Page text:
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When we think of islam, we tend to think of the Middle East. But 80 percent of the world's Muslims live elsewhere, and in regions where they encounter half the world's Christians. If one wants to learn about the relationship between Christianity and Islam, there is no better place to begin. So Eliza Griswold spent seven years investigating what she calls the "torrid zone" to unpack the relations of the two great religions.The result is The Tenth Parallel: Dispatches from the Fault Line Between Christianity and Islam (Farrar, Straus and Giroux), "a beautifully written book, full of arresting stories woven around a provocative issue" (The New York Times).

Griswold is an award-winning investigative journalist and a fellow at the New America Foundation. Her writing has appeared in The Atlantic, The New Yorker, and Harper's. She also has published a collection of poems, Wideawake Field. Mark Galli, CT senior managing editor, talked with Griswold about her impressions of Islam and Christianity in Africa and Asia.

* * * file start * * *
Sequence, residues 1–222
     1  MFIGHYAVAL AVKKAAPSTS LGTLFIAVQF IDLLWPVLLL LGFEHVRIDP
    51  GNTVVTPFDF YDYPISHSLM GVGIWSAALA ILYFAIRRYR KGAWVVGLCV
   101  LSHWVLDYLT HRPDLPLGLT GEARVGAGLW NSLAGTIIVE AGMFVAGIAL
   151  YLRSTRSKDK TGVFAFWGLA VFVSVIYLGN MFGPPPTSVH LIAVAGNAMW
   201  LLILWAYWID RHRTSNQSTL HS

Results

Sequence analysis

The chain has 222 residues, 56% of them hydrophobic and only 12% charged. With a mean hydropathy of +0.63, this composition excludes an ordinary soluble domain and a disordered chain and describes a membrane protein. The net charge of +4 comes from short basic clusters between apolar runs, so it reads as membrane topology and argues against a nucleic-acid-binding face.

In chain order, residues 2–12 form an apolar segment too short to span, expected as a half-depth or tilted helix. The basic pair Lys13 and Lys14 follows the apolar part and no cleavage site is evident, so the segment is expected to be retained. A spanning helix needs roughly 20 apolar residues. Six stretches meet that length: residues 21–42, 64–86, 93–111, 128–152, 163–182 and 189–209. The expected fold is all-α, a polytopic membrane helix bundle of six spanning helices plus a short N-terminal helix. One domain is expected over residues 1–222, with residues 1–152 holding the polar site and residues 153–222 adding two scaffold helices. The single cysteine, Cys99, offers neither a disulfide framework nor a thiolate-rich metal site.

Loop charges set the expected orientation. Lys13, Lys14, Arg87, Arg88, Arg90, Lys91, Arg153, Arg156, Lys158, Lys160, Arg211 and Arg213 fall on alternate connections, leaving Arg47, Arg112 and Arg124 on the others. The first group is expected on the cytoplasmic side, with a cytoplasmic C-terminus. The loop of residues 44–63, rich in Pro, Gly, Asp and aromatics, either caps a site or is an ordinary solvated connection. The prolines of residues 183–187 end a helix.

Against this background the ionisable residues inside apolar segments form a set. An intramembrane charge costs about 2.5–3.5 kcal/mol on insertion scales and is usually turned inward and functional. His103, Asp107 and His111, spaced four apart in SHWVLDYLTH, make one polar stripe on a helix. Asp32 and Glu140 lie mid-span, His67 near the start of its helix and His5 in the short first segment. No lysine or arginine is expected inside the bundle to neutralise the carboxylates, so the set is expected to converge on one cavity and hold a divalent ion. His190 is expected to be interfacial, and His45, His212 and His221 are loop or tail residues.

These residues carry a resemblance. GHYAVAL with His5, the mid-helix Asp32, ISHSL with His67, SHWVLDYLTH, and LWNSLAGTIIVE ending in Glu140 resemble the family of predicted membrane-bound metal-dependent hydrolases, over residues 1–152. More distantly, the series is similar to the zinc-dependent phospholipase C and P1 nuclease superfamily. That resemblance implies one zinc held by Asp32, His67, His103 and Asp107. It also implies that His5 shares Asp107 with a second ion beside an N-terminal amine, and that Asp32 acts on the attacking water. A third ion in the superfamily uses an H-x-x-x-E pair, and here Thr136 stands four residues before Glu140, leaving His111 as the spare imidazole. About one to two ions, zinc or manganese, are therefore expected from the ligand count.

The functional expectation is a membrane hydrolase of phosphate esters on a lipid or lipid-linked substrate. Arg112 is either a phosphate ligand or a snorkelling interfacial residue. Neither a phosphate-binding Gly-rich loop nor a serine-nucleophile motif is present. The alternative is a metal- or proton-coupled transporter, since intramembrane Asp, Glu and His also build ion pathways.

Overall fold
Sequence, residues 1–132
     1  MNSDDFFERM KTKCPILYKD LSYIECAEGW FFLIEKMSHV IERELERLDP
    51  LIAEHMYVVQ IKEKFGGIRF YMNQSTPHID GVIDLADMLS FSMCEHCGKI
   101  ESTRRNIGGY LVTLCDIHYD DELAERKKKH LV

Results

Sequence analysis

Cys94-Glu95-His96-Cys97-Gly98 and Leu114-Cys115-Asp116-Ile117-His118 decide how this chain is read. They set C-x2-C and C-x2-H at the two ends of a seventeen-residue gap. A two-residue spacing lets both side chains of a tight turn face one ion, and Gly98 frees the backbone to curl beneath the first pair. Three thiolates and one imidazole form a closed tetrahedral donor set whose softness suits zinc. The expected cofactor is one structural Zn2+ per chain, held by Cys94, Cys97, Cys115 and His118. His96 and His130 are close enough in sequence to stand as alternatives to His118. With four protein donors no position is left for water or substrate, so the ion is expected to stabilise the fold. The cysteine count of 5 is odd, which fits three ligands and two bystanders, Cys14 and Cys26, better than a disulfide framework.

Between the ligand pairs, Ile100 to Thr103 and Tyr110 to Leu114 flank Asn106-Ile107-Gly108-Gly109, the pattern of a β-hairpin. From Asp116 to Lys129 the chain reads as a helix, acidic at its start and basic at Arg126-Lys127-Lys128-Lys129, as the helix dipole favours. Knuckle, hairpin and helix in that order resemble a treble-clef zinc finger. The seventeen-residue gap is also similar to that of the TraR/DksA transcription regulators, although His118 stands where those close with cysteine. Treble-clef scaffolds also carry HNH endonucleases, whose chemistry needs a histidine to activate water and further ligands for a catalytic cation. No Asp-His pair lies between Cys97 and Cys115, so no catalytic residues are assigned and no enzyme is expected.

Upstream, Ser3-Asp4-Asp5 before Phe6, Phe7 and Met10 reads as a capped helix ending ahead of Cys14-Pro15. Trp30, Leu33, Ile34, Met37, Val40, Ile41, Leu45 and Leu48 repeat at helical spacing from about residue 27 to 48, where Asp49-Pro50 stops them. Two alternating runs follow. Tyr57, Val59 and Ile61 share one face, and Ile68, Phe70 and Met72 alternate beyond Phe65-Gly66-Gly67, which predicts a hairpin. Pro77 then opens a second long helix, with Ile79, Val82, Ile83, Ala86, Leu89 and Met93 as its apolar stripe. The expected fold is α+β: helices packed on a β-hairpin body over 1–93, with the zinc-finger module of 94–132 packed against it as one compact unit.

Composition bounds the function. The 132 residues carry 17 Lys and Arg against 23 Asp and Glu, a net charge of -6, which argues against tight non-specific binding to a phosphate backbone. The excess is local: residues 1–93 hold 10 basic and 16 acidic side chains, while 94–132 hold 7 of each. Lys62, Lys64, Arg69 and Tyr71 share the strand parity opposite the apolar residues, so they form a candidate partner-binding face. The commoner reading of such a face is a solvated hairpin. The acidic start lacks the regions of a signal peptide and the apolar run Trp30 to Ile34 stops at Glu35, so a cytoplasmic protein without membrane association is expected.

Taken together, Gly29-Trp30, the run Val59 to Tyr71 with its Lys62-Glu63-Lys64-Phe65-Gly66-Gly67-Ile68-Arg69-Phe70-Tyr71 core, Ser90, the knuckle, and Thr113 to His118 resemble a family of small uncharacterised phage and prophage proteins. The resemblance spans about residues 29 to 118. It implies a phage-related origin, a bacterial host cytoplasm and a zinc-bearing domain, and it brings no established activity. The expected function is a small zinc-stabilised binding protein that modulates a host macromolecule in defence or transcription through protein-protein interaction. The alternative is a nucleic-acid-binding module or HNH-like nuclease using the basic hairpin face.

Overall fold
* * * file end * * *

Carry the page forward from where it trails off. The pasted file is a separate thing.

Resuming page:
The title of your book suggests that geography plays a large role in the religious tensions between Muslims and Christians.

The tenth parallel is not so much a specific line but a broader zone. In Africa, it marks the southern edge of most of the continent's 400 million Muslims, who live predominantly north of this line, in the northernmost third of Africa, which is dry land. Historically, as traders and Islamic missionaries traveled, they reached as far south as the tenth parallel. Where the tenth parallel began, so did tsetse [biting] flies, which carried sleeping sickness that killed off traders and missionaries, horses, and camels. Because of sleeping sickness, Islam largely stopped there.

When the European powers came, ...

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